More than giving him a thorough education, school taught Tomás to use his charisma. He learned how to manipulated his personal charm at will. It took some time, because ever since first grade, the girls enjoyed chasing him during recess to shower him with kisses. Tomás confided to Mateo Mateos, his intimate friend as a grown man: "At the beginning it was fine. But then I grew scared of the sound of the recess bell. At six, a kiss is a pinch, and a pinch a kiss. In general, I let them all have a go at me, except stupid Claudette Clouthier, always full of lipstick and wearing fake nails."

During that year, Tomás learned to keep a reasonable distance from women, a lesson he forgot in fourth grade, when he sat on Alvarita Alvarado's desk and broke it, and they both fell to the ground, she on top of him. "I swear, in preschool, I was awed by the little 'slit' of the girl I showered with after a swimming class. But it was way cooler to feel Alvarita's 'slit' on my belly button. It wasn't natural: there was no dick or balls. It was like a mysterious void." Incidentally, after that day, Tomás decided to uncover the secret mystery that girls hid between their legs.

Feminine sexuality became an intriguing and confusing issue. Some time before, during the first semester of his second year in elementary school, the teacher confiscated his copy of Time Life's Book on Reproduction, alleging it was pure pornography. Years later, Tomás discovered that this confiscation was the result of the teacher's profound ignorance, since she was about to get married and had to learn one way or another how things were done. Tomás, probably just like the teacher, thought babies were born like chickens: a roster mounted a hen and out popped the eggs; that the father bought tiny seeds in the market and planted them in the mom's belly button, and then she fed them and made them grow. It was a sufficient explanation, and he didn't care to know the details. But the episode with Alvarita, and the fact that his mother family convinced him to go to the barbershop, were the greatest lessons of his sexual education.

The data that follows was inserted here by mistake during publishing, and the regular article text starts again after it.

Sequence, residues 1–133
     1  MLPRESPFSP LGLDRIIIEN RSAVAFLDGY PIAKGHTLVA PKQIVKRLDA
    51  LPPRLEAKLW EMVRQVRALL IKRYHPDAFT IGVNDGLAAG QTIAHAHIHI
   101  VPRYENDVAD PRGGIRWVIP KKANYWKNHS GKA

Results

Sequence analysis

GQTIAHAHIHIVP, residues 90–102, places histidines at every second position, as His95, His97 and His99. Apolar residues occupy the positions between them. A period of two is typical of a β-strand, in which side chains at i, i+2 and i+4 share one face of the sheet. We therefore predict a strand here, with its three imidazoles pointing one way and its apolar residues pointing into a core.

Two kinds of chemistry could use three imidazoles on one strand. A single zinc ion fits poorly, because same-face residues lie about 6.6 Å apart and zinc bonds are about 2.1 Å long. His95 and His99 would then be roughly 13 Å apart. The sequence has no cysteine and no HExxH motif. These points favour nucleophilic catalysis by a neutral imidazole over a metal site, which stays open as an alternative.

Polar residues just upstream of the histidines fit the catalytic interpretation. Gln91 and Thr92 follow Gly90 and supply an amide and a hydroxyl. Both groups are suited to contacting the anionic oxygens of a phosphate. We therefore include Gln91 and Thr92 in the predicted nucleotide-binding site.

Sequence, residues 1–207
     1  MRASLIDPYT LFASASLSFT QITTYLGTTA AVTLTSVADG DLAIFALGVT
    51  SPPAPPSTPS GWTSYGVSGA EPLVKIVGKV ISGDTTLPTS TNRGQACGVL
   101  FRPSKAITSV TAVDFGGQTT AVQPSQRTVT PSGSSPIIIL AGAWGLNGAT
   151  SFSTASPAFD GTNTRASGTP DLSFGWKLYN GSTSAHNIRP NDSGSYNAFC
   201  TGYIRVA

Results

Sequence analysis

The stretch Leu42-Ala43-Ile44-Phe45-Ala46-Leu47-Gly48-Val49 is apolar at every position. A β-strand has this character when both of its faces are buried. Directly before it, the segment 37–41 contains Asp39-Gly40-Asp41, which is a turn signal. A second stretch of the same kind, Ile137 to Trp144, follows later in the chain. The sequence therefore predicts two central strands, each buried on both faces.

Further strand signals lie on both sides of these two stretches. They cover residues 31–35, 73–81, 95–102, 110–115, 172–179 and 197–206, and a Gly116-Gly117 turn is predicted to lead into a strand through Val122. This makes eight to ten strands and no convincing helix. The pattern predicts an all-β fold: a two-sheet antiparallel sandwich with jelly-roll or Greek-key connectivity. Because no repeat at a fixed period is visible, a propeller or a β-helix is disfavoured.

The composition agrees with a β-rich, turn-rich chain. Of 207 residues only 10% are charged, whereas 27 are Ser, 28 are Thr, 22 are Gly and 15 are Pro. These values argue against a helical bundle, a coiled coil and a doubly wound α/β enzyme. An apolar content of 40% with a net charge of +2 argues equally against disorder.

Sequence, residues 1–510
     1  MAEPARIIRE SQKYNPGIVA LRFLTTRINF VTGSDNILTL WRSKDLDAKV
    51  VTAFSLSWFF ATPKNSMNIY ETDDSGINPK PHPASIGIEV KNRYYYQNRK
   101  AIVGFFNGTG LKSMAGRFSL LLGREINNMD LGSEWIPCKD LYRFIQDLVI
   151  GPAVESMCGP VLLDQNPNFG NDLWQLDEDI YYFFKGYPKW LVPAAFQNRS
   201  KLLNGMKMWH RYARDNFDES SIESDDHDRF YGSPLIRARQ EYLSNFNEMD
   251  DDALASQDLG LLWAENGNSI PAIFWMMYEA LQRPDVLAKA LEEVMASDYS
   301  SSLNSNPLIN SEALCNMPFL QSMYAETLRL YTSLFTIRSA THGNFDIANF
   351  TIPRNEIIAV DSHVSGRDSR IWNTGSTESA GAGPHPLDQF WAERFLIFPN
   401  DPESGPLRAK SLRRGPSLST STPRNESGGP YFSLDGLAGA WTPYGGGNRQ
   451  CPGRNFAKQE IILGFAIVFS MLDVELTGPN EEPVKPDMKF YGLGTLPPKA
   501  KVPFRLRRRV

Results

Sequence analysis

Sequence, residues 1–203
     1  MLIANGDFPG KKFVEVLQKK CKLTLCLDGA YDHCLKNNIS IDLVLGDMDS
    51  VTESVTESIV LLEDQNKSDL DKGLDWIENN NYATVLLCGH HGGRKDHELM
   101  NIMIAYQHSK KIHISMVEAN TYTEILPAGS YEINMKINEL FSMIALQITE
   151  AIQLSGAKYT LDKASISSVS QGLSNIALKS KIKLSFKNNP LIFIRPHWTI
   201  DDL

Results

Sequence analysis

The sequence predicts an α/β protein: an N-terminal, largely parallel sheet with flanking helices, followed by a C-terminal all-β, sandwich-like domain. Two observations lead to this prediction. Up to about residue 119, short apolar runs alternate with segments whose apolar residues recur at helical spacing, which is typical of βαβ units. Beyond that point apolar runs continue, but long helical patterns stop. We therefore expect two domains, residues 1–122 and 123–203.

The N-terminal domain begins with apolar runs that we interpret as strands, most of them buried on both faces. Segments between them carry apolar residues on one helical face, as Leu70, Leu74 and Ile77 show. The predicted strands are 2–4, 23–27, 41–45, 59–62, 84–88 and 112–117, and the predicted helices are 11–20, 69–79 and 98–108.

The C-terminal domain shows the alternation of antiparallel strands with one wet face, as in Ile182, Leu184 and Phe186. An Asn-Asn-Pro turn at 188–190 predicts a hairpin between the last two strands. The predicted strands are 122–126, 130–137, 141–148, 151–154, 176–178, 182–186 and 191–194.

Sebas, the barber, was the first person to show him a collection of porn magazines. Tomás was surprised to find a bigger mystery than he had suspected in the pictures. That, and Sebas's indictment that "women have everything to hide and nothing to show," left him in a limbo of speculation. Tomás's change in attitude and the crew cut that he maintained religiously intrigued Mrs. Jimena. One Friday the thirteenth, Mrs. Jimena decided to visit her son at the barbershop, and was mortified to find him, wide-eyed and pupils dilated, hunched over a page full of blond pubes, while Sebas snipped away and repeated, "Stop playing with your weenie." From that day on, Tomás went back to letting his hair grow.

As he matured and grew taller, Tomás's charisma focused even more specifically on women. His late two years in elementary school were marked by the antipathy of other men and the extraordinary candor of women. When he was late for the first day of classes in sixth grade, the principal told him: "Late, always late. Why so late? Are you Tomás Tomás or Tomás Tardy?" Tomás replied, "Better to come late than not at all." The principal did not think the philosophical precocity of his charge was funny and sentenced him to remain on his feet outside his office for the duration of the day. Tomás used his time wisely and carved a hole in the wall between the water fountains and the women's bathroom. "The principal thought I was very thirsty, because of the heat, but I actually made the hole quit fast and peeked through it every time a junior high schooler went to the bathroom. The elementary school girls I could picture, but the junior high schoolers had something else, like the girls in Playboy," Tomás confessed years later to Manuela Manuel, a psychologist with whom he had a very short treatment, since they ended that first session clinging to each other on the couch. She suffered a crisis over professional ethics, and enrolled in an intensive course with Dr. Skinner. Tomás was convinced that the ingenious therapy cured his premature ejaculations.